The Road Ahead : August 2010
jaguar x-type 2.1 sedan 02-09 REVIEW JOHN EWING Jaguar's entry-level offering from earlier this century was aimed more at the broader market than the marque's traditional demographics. WITH X-TYPE, JAGUAR went stalking R sales in the prestige compact sedan market. More affordable than other Jags, and with all-wheel-drive or, horror-of- horrors, front-drive, it was a radical change from the luxury British breed's rear-drive traditions. From 2002 the new entry level X-Type was the 2.1-litre front-wheel-drive model, joining its larger engine capacity, 'all-paw' (all wheel drive) siblings released the year before. It shared the same all-alloy AJ V6, albeit with shortened stroke. The then company owner, Ford, raided their Mondeo parts bins to develop X-Type, while endeavouring to retain traditional Jaguar look, feel and refinement. Specifications and model designation varied according to year, and later versions offering upgraded equipment levels and cosmetic changes. Standard items on all models included eight airbags, antilock brakes, traction control, alloys, air conditioning and leather trim. There's plentiful luxury options too. Electronic stability control wasn't standard until 2007. Engine-wise, it's the runt of the pedigree litter with the smallest displacement of any Jaguar to-date. On the road it shows, with the V6's low and mid-range torque deficit and a kerb mass around 1500 kg making it tough going. If worked hard for best progress, expect fuel economy to suffe r. The most popular gearbox is the five- speed auto, though earlier base models could be had with five-speed manual. Traditionally plush ride, precise handling and comfortable seating best limited to four, complete the picture. It's the Jag for 'beer pocket champagne taste' buyers, so used cars that haven't been carefully serviced and maintained are common -- avoid them. Common costly problems include leaking water pumps, cracking coolant reservoirs, worn sway bar and suspension bushes, noisy front strut top mounts, oil leaks (especially sump gaskets), and lifting dash vents. Check autos for proper operation and shifting without flare. A reconditioned 'box is about $7500. UNDER THE PUMP X-Type 2.1 will use between 7.4 litres and 14.5 litres of premium (95 RON) fuel every 100 km, depending on model and driving conditions. PRICE RANGE From $11,100 to $44,300 depending on year and model. visit www.roadahead.com.au/motoring MORE INFO NEED HELP? RACQ CAN HELP WITH CAR FINANCE (CALL 1300 361 316), VEHICLE INSPECTIONS (CALL 13 1905) AND INSURANCE (CALL 13 1905). MOTORING USED CAR REVIEW WWW.ROADAHEAD.COM.AU 52 THE ROAD AHEAD AUG/SEPT 2010 COMPETITORS AUDI A4 2002-2009 High quality finish, smooth and comfortable. 2.0-litre non-turbo or, depending on year, beefier 1.8-litre turbo engine. Slick CVT, five-speed or six-speed manual models. Front drive and Quattro (AW D ) versions. ESC standard. MERCEDES BENZ C180K AND C200K CLASSIC 2002-2008 W203 and W204 series in year range. Rear wheel drive.1.8-litre supercharged 4-cyl, offers reasonable performance, blower helps compensate for small capacity. ESC standard. Later W204 series feel more solid. BMW 320I 2005-2009 Rear wheel drive, renowned sporty chassis dynamics suits keener drivers. Taut ride. 115 kW and 200 Nm from 2.0-litre, 4-cyl engine. Responsive engine but chassis deserves more brawn. Choice of 6-speed auto or manual. ESC standard. o 6 speed auto o a ua . SC sta da d.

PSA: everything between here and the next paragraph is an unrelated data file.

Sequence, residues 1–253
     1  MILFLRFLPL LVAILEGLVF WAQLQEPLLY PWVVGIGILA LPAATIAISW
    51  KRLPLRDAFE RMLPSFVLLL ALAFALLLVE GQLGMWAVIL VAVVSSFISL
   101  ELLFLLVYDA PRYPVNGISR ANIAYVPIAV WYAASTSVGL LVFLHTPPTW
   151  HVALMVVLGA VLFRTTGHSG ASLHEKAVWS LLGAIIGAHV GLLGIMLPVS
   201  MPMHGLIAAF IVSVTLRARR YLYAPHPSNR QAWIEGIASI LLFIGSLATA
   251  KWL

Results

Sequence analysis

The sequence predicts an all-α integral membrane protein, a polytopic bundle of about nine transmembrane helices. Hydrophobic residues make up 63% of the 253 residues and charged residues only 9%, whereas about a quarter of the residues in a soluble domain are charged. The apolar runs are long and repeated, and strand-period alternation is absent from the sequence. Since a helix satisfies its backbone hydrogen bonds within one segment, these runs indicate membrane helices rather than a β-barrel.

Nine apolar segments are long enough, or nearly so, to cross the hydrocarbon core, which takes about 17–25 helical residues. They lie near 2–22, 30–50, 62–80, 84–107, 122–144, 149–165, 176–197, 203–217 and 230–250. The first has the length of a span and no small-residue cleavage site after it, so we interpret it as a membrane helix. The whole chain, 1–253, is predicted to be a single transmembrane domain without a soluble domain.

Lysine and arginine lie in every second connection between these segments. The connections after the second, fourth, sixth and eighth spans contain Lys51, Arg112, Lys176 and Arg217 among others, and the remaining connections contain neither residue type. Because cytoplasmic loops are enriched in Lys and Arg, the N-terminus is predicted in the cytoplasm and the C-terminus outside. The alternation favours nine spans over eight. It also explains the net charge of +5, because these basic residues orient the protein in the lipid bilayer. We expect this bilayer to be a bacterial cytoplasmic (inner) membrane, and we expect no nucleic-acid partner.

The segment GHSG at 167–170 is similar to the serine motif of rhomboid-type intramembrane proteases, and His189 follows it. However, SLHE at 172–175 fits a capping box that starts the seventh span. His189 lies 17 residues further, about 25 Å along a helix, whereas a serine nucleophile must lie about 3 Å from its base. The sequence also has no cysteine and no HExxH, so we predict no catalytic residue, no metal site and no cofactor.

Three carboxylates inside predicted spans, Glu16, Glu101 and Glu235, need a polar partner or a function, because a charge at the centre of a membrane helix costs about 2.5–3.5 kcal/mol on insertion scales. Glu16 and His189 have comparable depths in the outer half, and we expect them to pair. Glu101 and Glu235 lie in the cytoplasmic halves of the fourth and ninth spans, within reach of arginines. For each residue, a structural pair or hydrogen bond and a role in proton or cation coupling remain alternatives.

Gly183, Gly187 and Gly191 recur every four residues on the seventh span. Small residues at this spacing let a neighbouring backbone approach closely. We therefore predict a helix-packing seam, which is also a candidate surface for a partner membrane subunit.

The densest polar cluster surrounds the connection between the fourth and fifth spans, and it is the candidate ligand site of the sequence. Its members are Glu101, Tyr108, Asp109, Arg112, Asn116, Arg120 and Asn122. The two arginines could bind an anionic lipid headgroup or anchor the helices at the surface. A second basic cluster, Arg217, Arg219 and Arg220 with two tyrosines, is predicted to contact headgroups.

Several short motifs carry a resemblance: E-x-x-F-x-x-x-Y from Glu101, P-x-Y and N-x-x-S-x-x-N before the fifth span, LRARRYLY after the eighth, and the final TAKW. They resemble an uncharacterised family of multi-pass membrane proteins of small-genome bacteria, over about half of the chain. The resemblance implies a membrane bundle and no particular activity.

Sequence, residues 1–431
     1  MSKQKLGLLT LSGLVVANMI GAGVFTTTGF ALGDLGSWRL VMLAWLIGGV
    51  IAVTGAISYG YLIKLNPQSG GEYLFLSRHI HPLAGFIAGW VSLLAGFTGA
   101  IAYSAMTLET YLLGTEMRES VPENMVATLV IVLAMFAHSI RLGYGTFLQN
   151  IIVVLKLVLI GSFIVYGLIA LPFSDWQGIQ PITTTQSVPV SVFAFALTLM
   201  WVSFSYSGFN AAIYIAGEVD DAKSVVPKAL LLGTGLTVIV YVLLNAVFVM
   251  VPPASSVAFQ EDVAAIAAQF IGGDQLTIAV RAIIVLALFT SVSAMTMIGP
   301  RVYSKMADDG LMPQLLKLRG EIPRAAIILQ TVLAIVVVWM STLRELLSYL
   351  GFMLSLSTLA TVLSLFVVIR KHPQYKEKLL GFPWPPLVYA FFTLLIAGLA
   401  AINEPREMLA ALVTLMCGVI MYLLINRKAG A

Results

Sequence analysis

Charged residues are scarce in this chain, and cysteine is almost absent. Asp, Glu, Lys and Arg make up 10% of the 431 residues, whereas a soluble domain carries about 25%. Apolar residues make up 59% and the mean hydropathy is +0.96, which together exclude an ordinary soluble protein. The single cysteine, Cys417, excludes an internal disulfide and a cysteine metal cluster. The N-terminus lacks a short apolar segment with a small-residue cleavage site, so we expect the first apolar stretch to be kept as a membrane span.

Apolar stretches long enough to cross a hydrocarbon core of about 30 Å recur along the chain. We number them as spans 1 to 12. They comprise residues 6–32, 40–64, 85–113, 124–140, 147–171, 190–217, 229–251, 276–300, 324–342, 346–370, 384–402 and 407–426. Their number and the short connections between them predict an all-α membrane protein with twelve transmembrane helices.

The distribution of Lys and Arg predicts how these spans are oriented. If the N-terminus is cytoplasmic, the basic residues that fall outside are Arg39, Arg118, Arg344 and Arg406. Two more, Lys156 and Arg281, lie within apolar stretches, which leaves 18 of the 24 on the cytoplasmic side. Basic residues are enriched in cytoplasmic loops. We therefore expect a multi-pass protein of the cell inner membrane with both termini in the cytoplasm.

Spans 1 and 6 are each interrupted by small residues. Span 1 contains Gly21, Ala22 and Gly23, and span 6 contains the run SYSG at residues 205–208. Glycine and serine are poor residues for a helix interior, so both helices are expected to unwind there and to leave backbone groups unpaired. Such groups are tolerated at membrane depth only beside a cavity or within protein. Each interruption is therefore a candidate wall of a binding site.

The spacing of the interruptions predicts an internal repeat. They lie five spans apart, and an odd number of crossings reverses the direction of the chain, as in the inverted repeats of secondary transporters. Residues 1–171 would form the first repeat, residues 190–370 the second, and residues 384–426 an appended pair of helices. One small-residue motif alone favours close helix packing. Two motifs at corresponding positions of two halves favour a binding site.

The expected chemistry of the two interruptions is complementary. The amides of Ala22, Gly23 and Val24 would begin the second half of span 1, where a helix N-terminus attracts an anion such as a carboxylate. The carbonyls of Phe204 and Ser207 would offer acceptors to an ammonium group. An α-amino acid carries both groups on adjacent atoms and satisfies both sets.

June July 2010